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TCS Bulletin - 7 Takeaways from the World Zionist Congress

How do you sum up the World Zionist Congress?

As you read this it will be over a month since Rabbi Z and I returned from the World Zionist Congress and as I reflect on our week in Israel it is hard to know exactly how to sum up, and share, what we experienced. So I want to offer 7 takeaways from the time that we were in Israel.

1. I felt safe. In advance of going to Israel time there was a lot of concern about the new wave of terror which has seen Palestinian terrorists taking up knives and attacking Israelis on the street, and  I was a little bit apprehensive before I arrived. In Ramat HaSharon, a suburb of Tel Aviv, where my grandparents live, I did not feel any difference on the street. In contrast, in Jerusalem it was clear there were less people walking and the market, Machaneh Yehuda, was noticeably emptier than normal. But, despite this, while I was a little more aware and alert than I would normally be (I didn’t look at my phone while walking – a real challenge for me) I felt completely safe the whole time I was there.

2. It is amazing to recognize that we are part of an international Jewish movement. While we were sent to Israel as American Jewish delegates representing ARZA (the Association of Reform Zionists of America) our first couple of days were spent preparing for the Congress with members of the Arzenu (the umbrella organization of Reform and Progressive Religious Zionists). We came together with Reform Jews from Britain, Australia, France, Germany, Russia, New Zealand, Israel, Hungary, amongst others; and it was amazing to see how our movement is growing around the world. 

3. Jewish politics can be depressing. As someone attending his third Congress I knew what to expect, but it was still disappointing to watch as Jews screamed and shouted at one another trying to silence opinions that they did not agree with. In one incident on the final day’s voting Rabbi Stanley Davids (a Reform colleague from Los Angeles) took to the podium and was surrounded by other delegates who preceded to try and shout him down while throwing leaves and bits of plants (essentially what they had to hand) to try and disrupt and silence him. I am proud to say that he was unintimidated and spoke out for the values and causes we believe in.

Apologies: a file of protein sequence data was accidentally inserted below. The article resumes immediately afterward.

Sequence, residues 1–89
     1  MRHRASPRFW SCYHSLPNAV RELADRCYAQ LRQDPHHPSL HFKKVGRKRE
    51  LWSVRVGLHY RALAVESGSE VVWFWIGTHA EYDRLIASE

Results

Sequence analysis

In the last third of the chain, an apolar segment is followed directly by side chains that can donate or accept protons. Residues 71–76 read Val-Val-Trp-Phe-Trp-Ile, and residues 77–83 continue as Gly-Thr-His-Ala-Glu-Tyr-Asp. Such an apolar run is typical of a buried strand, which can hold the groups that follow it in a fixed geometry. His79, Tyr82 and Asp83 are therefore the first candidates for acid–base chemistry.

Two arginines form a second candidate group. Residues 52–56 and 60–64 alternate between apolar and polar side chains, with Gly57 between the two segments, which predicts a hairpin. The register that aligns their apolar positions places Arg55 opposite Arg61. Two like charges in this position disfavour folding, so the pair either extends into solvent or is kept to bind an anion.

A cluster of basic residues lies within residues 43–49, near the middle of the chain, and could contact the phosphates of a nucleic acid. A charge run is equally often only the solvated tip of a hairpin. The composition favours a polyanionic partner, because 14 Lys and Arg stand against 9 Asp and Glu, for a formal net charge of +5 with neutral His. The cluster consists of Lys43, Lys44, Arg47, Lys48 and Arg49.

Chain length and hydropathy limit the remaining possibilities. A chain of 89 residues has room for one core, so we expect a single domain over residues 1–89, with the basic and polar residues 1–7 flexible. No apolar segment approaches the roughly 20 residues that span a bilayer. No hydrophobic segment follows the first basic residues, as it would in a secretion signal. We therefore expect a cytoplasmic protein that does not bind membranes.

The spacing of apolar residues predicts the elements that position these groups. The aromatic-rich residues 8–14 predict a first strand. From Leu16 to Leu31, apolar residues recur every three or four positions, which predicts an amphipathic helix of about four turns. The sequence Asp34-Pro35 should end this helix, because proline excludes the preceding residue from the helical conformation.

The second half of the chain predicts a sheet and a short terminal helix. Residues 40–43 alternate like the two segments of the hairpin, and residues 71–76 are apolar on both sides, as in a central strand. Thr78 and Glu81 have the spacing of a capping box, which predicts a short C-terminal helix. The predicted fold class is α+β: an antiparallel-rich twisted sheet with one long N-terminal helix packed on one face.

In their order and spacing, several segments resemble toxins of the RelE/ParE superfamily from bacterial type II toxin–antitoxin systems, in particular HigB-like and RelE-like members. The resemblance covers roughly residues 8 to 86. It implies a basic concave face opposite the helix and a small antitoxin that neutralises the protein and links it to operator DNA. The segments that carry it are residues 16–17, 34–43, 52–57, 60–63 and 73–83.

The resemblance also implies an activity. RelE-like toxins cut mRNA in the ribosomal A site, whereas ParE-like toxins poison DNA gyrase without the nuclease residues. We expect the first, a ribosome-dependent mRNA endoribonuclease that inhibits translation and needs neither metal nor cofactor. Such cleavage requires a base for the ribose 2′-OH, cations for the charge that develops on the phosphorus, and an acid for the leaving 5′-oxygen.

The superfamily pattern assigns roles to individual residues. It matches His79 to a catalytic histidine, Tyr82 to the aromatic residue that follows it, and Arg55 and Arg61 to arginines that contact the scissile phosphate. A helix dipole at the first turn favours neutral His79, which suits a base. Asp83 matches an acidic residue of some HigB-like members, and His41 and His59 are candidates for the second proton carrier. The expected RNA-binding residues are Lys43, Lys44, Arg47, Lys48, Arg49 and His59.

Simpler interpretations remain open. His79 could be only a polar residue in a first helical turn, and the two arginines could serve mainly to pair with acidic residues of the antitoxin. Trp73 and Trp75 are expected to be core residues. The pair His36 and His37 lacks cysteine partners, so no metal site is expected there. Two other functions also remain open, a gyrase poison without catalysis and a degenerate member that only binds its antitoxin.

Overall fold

4. Israeli politicians have a lot of things they want to tell us. In the course of our Arzenu pre-Congress seminar and at the Congress itself we heard from a variety of politicians, from across the political landscape. They have different diagnoses of what the problems are and they prescribe different solutions; but it was a moment without words that struck me most. In the Arzenu pre-Congress we sat in a Knesset room and had 5 MKs come in to talk to us, one after the other. Ayman Odeh, the leader of the Arab list in the Knesset, and Benny Begin, a member of the Likud party, were one after the other, as Odeh left and Begin arrived, the exchange between two rival politicians, who probably disagree on most of the issues, was warm, respectful and gave me more hope than many of the words we heard spoken.

5. We had a very successful Congress for ARZA and the causes we believe in. Thanks to all of your votes we, as ARZA, and by extension Arzenu were able to be a loud and vocal presence at the Congress. As a result of this we were able to support and pass resolutions that supported an egalitarian prayer space at the Kotel, pushed for equality, support, and funding for the LGBT community in Israel, and supported democracy in Israel. We also received important positions for Reform representatives in the Zionist institutions that work in Israel and around the world. What is clear is that thanks to your votes and the strength of our movement, we won far more than we lost, and had a very successful Congress.

6. I am concerned for Israel right now. During the course of the time in Israel we heard from a lot of people about Israel and the situation with the Palestinians. Right now it is hard to see a vision for moving forward in any direction, and I am concerned that Israel is sitting on a powder keg that is about to explode. Without progress, without a sense of momentum towards something, there is a vacuum, and as Ari Shavit said (at the URJ Biennial) a vacuum in the Middle East is always dangerous.

7. Thank you. For months we asked you to go and vote for ARZA in these elections, and sitting in the Congress I was grateful to each and every one of you who voted. Not simply because it allowed me to be a delegate at this important gathering, but because it allowed our voice as Reform Jews to be heard loudly and clearly by everyone at the World Zionist Congress. We could not have done it without you and I am truly grateful for your help and support and as I warning I will be coming around looking for your votes again in four years’ time.  

About Rabbi Danny

Rabbi Danny
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